Dietary Regimen and Supplement for Alzheimer's Patients—from Prevention to Treatment

A special issue of Nutrients (ISSN 2072-6643). This special issue belongs to the section "Geriatric Nutrition".

Deadline for manuscript submissions: 5 November 2024 | Viewed by 2707

Special Issue Editors


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Guest Editor
Department of Systems Medicine, University of Rome Tor Vergata, Via Montpellier 1, 00133 Rome, Italy
Interests: natural compounds; antioxidants; neurodegenerative disorders; aging; diabetes

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Guest Editor
Department of Human Sciences and Quality of Life Promotion, San Raffaele University, Via di Val Cannuta 247, Rome, Italy
Interests: nutrition; cardiovascular disease; neurodegenerative disorders; antioxidants

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Guest Editor
Section of Diabetology, UniCamillus, Saint Camillus International University of Health Sciences, 00131 Rome, Italy
Interests: diabetes; dietary supplementation; vitamin D; omega-3

Special Issue Information

Dear Colleagues,

Alzheimer’s disease (AD) is the most relevant neurodegenerative disorder worldwide. It is an age-related disease and, with the increasing lifespan of the global population, the number of subjects affected is projected to double by 2030. AD is pathologically related to the formation of two kinds of lesions: the amyloid plaque, composed by the association of the neurotoxic peptide Aβ1-42, derived from the cleavage of the APP precursor; and the neurofibrillary tangles, composed mainly by the accumulation of the hyperphosphorylated tau protein. Nowadays, it is not possible to identify a specific causative agent and, thus, AD is considered a multifactorial disease. Among all factors that contribute to the onset of AD, life habits surely have a dramatic impact. Adherence to a healthy diet has been reported to be a protective strategy against neurodegeneration. In particular, the Mediterranean diet has been associated with a reduced risk of developing AD. However, since AD has previously been reported as a multifactorial disease, it should be more appropriate to personalize nutrition depending on the risk factors related to each subject to counteract the development of this neurodegenerative disorder more efficiently.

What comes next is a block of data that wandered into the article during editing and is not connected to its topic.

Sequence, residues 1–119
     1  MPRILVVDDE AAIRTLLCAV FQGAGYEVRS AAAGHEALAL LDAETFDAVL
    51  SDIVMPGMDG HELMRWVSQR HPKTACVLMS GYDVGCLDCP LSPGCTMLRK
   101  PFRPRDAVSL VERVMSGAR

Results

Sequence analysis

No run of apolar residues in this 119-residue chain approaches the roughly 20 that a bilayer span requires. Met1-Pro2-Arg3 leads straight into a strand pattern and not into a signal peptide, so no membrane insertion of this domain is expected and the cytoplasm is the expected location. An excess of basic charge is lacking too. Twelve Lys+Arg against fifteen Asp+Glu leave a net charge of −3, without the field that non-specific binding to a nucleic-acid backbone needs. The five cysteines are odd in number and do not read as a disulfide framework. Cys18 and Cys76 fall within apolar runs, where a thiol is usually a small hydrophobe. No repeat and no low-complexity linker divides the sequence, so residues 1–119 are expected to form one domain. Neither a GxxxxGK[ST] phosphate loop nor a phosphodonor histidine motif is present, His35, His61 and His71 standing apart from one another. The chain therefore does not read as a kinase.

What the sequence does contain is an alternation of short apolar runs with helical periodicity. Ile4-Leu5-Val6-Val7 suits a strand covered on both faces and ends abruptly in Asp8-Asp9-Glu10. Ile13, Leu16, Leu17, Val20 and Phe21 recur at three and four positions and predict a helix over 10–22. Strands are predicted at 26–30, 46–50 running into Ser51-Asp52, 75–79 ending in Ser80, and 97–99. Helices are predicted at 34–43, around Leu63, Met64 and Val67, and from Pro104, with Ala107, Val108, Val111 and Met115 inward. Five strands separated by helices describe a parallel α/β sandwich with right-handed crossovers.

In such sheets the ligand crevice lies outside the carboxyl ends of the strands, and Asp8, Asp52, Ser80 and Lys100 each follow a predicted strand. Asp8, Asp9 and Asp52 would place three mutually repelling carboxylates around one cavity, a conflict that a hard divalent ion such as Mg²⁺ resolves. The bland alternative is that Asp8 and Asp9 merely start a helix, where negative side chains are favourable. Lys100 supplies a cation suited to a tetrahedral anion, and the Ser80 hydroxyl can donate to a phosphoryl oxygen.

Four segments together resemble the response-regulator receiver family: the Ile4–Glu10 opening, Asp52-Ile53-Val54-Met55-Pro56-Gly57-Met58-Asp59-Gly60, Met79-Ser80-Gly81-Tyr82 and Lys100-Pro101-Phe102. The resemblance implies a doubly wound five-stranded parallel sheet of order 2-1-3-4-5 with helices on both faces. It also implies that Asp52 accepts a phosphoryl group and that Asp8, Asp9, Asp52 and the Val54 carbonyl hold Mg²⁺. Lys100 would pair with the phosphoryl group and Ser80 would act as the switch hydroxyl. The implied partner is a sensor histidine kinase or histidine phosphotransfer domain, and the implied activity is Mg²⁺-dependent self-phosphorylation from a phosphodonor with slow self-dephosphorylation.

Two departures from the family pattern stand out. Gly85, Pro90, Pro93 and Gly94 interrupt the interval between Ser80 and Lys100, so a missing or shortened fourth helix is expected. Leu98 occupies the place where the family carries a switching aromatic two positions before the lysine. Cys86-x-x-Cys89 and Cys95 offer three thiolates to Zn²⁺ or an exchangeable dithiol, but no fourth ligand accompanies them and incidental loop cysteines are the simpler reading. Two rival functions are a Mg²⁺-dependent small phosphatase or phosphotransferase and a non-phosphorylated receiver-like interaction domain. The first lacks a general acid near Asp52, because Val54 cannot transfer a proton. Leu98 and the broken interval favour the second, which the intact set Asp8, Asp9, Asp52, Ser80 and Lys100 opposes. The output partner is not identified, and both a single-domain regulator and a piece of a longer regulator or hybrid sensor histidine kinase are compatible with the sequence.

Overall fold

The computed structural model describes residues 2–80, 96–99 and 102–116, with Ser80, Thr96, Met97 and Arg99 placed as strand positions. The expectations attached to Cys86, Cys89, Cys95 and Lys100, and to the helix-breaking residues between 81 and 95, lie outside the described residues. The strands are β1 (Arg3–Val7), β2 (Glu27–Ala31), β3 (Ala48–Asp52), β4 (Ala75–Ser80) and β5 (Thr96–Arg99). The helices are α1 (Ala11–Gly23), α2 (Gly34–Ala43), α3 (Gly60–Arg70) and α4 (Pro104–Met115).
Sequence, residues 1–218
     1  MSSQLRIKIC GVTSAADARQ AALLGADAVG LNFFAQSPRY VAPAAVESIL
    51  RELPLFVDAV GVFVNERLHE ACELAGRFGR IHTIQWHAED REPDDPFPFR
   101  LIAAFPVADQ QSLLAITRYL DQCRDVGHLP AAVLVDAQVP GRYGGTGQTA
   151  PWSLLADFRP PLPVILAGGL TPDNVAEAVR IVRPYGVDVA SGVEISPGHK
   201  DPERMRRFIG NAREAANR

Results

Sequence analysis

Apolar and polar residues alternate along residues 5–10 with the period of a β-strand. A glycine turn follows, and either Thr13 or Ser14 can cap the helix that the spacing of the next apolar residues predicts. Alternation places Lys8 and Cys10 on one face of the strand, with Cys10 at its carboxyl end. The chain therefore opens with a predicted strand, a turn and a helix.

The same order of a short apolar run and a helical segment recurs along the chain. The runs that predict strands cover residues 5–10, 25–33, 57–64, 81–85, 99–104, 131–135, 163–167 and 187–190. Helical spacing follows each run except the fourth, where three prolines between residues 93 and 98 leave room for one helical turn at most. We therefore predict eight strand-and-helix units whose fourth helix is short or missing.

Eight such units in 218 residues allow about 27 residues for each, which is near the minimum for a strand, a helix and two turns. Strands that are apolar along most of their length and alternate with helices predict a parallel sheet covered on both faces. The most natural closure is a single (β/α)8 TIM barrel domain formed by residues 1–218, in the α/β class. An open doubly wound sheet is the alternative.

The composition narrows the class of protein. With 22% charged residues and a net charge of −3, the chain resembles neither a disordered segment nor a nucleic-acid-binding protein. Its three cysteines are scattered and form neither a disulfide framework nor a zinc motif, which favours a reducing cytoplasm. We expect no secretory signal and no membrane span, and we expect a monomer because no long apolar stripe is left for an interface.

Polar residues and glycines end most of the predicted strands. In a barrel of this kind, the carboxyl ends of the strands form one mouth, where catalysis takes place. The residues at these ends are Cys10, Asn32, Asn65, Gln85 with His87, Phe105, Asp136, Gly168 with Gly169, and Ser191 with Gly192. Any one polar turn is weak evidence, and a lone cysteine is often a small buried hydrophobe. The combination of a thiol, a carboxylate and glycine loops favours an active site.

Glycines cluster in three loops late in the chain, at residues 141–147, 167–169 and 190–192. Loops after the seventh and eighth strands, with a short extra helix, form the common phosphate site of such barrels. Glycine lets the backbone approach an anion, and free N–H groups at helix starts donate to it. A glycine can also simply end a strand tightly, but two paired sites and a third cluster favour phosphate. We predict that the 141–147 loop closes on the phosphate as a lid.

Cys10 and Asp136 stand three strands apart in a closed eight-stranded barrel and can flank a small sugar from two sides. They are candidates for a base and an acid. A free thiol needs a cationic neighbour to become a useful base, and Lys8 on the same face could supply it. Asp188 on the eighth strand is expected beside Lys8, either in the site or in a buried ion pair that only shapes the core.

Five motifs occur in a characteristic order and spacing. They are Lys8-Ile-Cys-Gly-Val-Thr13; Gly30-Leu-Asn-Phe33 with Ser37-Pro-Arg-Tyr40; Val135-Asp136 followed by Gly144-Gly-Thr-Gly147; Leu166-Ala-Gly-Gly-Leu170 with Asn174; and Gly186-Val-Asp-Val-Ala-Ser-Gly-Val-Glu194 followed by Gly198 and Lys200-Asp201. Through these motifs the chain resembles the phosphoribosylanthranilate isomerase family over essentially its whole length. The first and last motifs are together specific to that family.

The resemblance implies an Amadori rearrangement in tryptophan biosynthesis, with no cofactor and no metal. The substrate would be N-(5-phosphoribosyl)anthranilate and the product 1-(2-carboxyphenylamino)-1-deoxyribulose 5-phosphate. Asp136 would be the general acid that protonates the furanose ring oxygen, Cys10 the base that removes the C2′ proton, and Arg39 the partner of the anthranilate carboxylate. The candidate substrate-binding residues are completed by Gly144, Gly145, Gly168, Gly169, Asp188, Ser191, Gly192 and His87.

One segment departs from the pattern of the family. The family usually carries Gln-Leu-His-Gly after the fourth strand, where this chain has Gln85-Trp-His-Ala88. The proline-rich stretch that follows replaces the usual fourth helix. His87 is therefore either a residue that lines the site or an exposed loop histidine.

Dr. Francesca Pacifici
Prof. Dr. Donatella Pastore
Dr. Marco Infante
Guest Editors

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Keywords

  • natural compounds
  • dietary supplementation